“Having a child is just not something I have ever wanted. When I think about the things I want to do/have/achieve in my future, motherhood doesn’t even cross my mind. It never has! Also, from what I’ve seen, and from what parents have told me, I understand that having and raising a child requires tremendous physical, financial and emotional investment – I’m just not sure if I am, or ever will be, capable of that.”
I would really like to see a greater acceptance of women who are child-free by choice and for voluntarily childless women’s lives to no longer be viewed as less fulfilling or meaningless. It’s a dangerous myth. A good place to start would be to stop presuming that every woman plans to have children and to acquire more of a “live and let live” mindset where women’s life choices are concerned. To summarise: leave us alone. On this note, this is not a judgement cast on women who have children, or on those who want to have them. I would simply like to propose the radical and wild idea that motherhood is viewed as one of many different, and equally worthwhile, ways in which a woman can choose to live her life. Diverse lifestyles should be celebrated. To any young woman reading this, know that your life is limitless, and most importantly, is yours. There are a variety of meaningful ways in which you can choose to live your life and contribute. I’ll let Elizabeth Gilbert’s 2016 interview with Time magazine do the rest of the talking:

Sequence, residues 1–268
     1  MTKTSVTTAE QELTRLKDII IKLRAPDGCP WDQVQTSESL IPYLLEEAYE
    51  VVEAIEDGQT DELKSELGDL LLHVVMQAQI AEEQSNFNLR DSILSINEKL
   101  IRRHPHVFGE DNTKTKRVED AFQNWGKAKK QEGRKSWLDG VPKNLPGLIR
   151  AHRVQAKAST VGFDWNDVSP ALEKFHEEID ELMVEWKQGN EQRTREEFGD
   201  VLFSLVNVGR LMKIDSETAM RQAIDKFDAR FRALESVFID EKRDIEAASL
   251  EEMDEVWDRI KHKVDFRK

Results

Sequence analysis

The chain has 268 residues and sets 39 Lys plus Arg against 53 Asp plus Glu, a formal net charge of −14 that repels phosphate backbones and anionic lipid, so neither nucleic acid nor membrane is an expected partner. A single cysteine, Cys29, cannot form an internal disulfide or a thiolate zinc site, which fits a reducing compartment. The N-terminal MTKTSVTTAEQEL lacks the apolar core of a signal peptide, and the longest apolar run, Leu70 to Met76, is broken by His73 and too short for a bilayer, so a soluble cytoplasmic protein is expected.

“It was beyond my comprehension that there was such a thing as making that choice [to not have children] and having an amazing life. To be let off the hook from that would have brought freedom a lot earlier.” She later stated, “what if somebody instead is free to joyfully pursue one really interesting path after another, and to be calm and happy enough to celebrate everyone else’s choices while totally digging her own? That’s the model I didn’t see growing up.”
Words: Laura Bedford
lustration: Nina Goodyer